Paterson 6 (Barbara, Red Orbit, Avian Demography Unit, Department of Statistical Sciences, University of Cape Town in South Africa, Ethics for Wildlife Conservation: Overcoming the Human-Nature Dualism, 3/1/06, http://www.redorbit.com/news/science/410448/ethics_for_wildlife_conservation_overcoming_the_humannature_dualism/#uOkeloY9LSY3hiby.99)
The existence of intrinsic value in nature, on the other hand, would free conservationists of the obligation to prove that there is value in conserving a particular species. Although it is generally accepted that human life is intrinsically valuable, the possibility of intrinsic value in nonhuman life forms a large part of the environmental ethics debate. Extensionist approaches, which aim to define moral criteria on which such value can be based, are problematic for wildlife managers because they consider individual organisms, not species and ecosystems. By drawing directly from ecological concepts rather than from a human-centered frame of reference, philosophers such as Leopold, Rolston, and others call for a rethinking of our moral framework. Nonetheless, biocentric approaches to environmental ethics can be seen as implying the prioritization of nonhuman life over human life, thus sharpening the dichotomy between humans and the natural environment. The human- versus-nature dualism that underpins both the instrumental and the intrinsic value approaches is unhelpful to wildlife conservation and management, which are concerned with balancing both social and environmental goals.
Biotechnology reifies the dualism
Heller 05 (Chaia Heller, Ph.D., anthropology, University of Massachussetts, has been a teacher of social ecology and feminist theory at the Institute for Social Ecology for twenty years. Biotechnology, Democracy, and Revolution, Institute for Social Ecology, 1/1/5, http://www.social-ecology.org/2005/01/biotechnology-democracy-and-revolution/)
Biotechnology is a question of power. It is a question about the power to decide what kind of technologies a society will use and for what purpose. In this way, biotechnology is linked to the broader question of political power and democracy. It leads us to think about how we, as a society, make vital decisions about how to relate to each other and to the rest of the natural world. When we think about biotechnology in this way, we see that biotechnology is not just a technology per se. We see that it is also a way of making decisions about society and nature that has emerged at a particular point in history for particular reasons. If we see biotechnology as just a single issue of technology, then we miss the broader problem. We fail to talk about the broader system of power that brought biotechnology into being, a fundamental problem that we must face if we are to move toward creating a more democratic, creative, and humane world.¶ Biotechnology is a Society¶ Biotechnology is more than the technique of ‘recombinant DNA,’ the process through which biologists move strands of DNA from one cell to another. It is the society that produces biotechnology and that is, in turn, produced by it. Biotechnology is the networks of people, things, and institutions that bring it into being. It is the biotechnology industry, the corporations and government regulators that give corporations the carte blanche to produce their transgenic creations in their laboratories and to move them out into the world.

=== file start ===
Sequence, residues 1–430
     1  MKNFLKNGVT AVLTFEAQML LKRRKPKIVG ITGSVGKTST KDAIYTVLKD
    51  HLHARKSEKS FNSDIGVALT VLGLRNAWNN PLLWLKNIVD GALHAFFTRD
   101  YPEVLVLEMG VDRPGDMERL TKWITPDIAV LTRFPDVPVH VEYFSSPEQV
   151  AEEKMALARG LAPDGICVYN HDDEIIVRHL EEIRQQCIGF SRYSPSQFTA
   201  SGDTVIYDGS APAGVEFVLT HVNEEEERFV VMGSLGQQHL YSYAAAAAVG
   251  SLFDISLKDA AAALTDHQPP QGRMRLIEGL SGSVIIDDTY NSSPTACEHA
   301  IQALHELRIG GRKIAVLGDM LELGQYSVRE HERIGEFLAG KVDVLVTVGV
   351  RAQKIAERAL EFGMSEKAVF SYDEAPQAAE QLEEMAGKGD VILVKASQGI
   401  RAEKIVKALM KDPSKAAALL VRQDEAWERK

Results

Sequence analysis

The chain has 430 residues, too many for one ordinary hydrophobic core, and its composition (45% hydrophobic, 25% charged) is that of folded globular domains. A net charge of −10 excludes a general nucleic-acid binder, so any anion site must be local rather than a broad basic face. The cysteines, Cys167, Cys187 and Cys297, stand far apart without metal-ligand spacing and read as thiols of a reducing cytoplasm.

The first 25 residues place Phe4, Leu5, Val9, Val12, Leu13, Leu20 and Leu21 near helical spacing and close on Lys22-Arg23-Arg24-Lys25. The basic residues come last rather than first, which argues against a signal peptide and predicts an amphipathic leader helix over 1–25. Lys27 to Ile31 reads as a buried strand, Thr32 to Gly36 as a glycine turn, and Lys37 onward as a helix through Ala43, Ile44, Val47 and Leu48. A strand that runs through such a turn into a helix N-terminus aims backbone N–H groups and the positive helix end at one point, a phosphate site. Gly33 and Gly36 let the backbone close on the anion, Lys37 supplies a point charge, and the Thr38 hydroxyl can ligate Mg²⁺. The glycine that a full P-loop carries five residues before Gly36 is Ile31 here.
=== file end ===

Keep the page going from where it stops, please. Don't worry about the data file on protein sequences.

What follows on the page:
Exploration and development in the status quo relies on nature being a resource for our exploitation – this new form of nature imperialism relies on the division between human and nature – we must explore this binary to break it down
Rojcewicz 6 (Richard Rojcewicz, Professor of Philosophy @ Point Park University, “The Gods and Technology: A Reading of Heidegger”, 2006, http://www.mohamedrabeea.com/books/book1_10597.pdf) // KC
In contrast, today the land is